We won’t have a sinful nature anymore.  Our sinful nature is a part of our flesh and we will leave that behind for the time being.  That changes many things.  All our tendencies toward selfishness, anger, lust, sloth, greed, addiction and whatever other sin will be gone.  We may remember what those are, but we won’t feel it.  For the first time ever, we will be able to control our tongue.  We will also have God’s love for others saturating our every moment.  Just think of the fantastic relationships we will have with the other people in Heaven!  Even if we had been conflicted with somebody, if they are saved, there will be a whole new, beautiful relationship with them in Heaven.

Assuming that there will be millions of humans, let alone angels, in Heaven, I wonder who we will know and how much we will relate.  At the Transfiguration, Peter, James and John see and know Moses and Elijah.  There doesn’t seem to be introductions.  I doubt if there were name tags.  They just seem to know who they are.  I think we will just know people.  We will know those who were a part of our lives on Earth and we will know others we had never met.

Our existence in Heaven will not be a ghostly, immaterial existence.  Paul speaks of a “heavenly body” in 1 Corinthians 15.  He is not referring to a planet nor is he referring to somebody who is sexy.  There is a body we will have that is properly a part of Heaven.  It is not our resurrected, earthly body for that is properly a part of this universe.  What will this body be like or look like?  I don’t know.  It may resemble you in some way, it may not.  It may be a set “age”, it may not.  Expect an improvement, however, for another thing we can say about Heaven is that there will be no “curse”.

The Curse is spoken of in Revelation and refers all the way back to the Garden of Eden.  It is responsible for such misery as sickness, aging, accidents, natural disasters, boredom and the frustration that goes inherently with this world.  The way I like to describe the curse is God taking a step back from the controls.  If God didn’t maintain some control, we would all just dissolve into non-existence.  The Bible says, Jesus “holds all things together”.  But with the rejection of God by Adam and Eve, it seems that God relinquished His control of creation in part.  The result is what I listed above.  In Heaven, God takes back control, and that is a good thing.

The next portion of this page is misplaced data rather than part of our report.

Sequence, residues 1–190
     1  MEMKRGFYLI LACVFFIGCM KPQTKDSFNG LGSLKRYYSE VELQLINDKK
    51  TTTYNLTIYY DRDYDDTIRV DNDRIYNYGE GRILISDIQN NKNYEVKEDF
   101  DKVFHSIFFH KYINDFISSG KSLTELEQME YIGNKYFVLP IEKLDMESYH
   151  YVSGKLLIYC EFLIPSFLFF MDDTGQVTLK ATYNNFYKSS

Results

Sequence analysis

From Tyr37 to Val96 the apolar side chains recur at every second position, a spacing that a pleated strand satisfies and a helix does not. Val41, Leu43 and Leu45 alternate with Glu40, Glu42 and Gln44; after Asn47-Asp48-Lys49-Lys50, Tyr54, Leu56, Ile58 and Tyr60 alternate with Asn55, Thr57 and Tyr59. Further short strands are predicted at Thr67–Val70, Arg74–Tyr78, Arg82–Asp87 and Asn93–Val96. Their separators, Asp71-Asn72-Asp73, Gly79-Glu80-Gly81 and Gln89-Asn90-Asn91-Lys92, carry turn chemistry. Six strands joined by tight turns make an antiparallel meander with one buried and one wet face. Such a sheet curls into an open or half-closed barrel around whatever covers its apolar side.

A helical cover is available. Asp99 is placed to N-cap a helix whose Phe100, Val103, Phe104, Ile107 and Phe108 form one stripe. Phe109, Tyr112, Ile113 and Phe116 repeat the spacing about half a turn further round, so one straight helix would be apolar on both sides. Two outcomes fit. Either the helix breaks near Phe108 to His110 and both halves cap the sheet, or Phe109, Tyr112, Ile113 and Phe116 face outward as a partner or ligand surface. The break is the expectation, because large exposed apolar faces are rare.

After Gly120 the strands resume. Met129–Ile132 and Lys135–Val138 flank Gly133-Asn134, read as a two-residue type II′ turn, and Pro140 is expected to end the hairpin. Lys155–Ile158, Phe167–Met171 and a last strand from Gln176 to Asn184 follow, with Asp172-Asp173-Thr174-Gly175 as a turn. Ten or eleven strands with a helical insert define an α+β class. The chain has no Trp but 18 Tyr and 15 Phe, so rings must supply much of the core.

Now we can ask many more questions.  Do we eat, sleep, work, or poop?  I suspect the answer is yes, but I don’t know for sure.  Is there something like sex? What is the experience of time like?  Is there really no beer in Heaven, or is that just the words to a polka?  We will have to wait on all of that, but what we do know should make you think.  You should imagine past the end of life, because the “hope” we have is not wishful thinking.  It is a certainty based on the promise of God.

Christ’s Descent into Hell (part 4)

Another likely function of Christ’s descent has to do with the Old Testament people whom God regarded as His elect.  These people were not in Heaven at the time of Jesus’ death.  John 3:13 precludes such an understanding.  Their expectation as expressed in the Old Testament was that they would be in Sheol.  Not necessarily in a position of suffering, but definitely isolated from the visible presence of God.  That is isolated until Jesus did His work.

The case for Christ’s descent for the purpose of releasing the Old Testament righteous who are captives in Sheol is more clear in scripture than any other interpretation. One verse that supports it is Ephesians 4:7-10: